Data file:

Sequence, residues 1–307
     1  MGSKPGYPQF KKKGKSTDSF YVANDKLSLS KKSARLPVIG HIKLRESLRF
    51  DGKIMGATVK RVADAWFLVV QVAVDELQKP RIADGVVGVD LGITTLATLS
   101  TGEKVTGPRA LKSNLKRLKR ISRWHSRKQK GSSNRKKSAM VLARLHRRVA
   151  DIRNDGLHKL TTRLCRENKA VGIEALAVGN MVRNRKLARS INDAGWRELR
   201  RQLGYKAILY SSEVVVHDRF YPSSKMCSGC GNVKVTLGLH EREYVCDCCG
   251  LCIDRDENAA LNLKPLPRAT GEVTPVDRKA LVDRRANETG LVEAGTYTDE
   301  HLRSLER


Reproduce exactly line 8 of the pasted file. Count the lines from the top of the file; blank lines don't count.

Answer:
   301  HLRSLER